What can I say, game immersion is one of the things that will keep me playing a bad game and lack of it will make me shelf one immediately. I can't be the only one like this, can I?

Rich said...

yeah but krunch, i've said it once, and will say it a billion times again until everyone gets it:

phasing is **faking** it.

if you want the world to change, then blow up ogrimmar. that's all there is to it. some people were online, and some people missed it, but eventually everyone is on the same page. those who were online when it happened will never forget it, and it'll eventually show up on youtube or some shit for those that missed it. PLUS YOU CAN TRAVEL TO DUROTAR AND LOOK AT THE FUCKING CRATER, plus talk to the NPCs to get new quests to rebuild ogrimmar from scratch, which is a long process, but changes each tuesday maintenance. it doesn't have to be huge, like for two weeks, there's no AH in ogr, and everyone has to use the UC (thunderbluff? lol as if)... then over the course of a month, ogr slowly gets a mailbox or a bank again. the place is still a burnt out husk of it's former glory, but SOMETHING HAPPENED to the world, and EVERYONE can see it.

Cronoo said...

Call me weird, but I've always liked strait up kill quests.
Not the quests where you grind the same mob for ever just waiting for a drop or killing X Shaman Murlocs, X Warrior Murlocs and X Priest Murlocs...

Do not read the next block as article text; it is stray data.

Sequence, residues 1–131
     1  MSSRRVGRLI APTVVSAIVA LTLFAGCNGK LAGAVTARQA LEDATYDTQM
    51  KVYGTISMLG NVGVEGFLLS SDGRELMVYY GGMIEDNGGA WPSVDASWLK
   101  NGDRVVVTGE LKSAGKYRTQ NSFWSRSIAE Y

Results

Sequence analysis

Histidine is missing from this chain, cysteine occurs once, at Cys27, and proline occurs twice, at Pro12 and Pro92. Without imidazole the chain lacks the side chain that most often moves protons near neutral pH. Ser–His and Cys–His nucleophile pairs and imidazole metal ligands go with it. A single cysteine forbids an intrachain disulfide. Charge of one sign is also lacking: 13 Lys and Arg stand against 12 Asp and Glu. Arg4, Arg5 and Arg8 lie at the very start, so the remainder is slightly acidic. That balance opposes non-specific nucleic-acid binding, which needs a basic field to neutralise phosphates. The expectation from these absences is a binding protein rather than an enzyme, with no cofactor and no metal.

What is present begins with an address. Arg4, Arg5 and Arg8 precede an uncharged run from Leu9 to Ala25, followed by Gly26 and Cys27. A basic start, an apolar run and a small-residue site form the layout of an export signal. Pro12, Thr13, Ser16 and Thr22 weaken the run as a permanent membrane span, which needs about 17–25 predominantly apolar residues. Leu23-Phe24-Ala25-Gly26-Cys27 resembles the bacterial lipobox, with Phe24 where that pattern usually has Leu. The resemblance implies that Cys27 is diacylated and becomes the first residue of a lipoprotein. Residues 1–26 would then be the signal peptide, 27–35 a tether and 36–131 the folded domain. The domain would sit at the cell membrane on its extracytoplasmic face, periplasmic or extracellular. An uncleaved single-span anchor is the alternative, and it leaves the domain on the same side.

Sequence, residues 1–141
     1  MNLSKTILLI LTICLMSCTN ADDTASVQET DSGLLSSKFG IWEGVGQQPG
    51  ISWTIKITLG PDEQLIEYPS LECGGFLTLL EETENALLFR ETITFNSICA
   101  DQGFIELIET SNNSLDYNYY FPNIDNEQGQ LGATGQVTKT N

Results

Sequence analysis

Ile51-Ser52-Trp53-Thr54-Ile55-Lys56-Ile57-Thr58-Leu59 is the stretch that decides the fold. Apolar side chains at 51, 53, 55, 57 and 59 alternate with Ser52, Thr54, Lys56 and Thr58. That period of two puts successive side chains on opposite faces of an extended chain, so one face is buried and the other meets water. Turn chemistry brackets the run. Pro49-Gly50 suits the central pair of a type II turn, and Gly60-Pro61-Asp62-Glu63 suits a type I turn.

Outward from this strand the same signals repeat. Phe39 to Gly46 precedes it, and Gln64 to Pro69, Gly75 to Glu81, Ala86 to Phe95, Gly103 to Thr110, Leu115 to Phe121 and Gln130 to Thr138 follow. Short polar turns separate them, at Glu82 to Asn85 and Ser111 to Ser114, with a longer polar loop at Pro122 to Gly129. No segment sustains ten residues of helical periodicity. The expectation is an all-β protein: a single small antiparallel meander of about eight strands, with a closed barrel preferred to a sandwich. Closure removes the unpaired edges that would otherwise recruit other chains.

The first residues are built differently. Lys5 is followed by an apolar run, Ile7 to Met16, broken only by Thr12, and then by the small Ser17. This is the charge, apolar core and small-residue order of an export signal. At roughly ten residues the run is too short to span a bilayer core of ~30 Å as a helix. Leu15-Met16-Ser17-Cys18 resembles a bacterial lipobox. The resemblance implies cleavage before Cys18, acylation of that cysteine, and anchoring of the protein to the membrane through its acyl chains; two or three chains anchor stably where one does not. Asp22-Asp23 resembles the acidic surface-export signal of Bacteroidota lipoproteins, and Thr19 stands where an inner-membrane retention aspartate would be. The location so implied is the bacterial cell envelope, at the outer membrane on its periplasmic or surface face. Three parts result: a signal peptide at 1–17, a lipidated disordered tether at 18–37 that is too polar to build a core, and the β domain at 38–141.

I mean like have an end boss-ish mob at the end of a castle or fort or something, and a bunch of guys in the middle that you have to fight through or sneak around to get his head or someshit.
The Dragon cave in Blades Edge, the orc fortress thing in Red Ridge, or the pirate ships in STV. I always thought quests like that were the most fun.

Anonymous said...

Call me old fashioned, buy I like nsesingwarry style beat-the-shit out of a million tightly packed mobs type quest. Reason being that you're doing hardcore grinding and questing at the same time.

Brian W. Smith said...

Ixo the newest version of WoW Model Viewer is out you can find it at, I used it recently when figuring out what the sex change for my warrior would look like.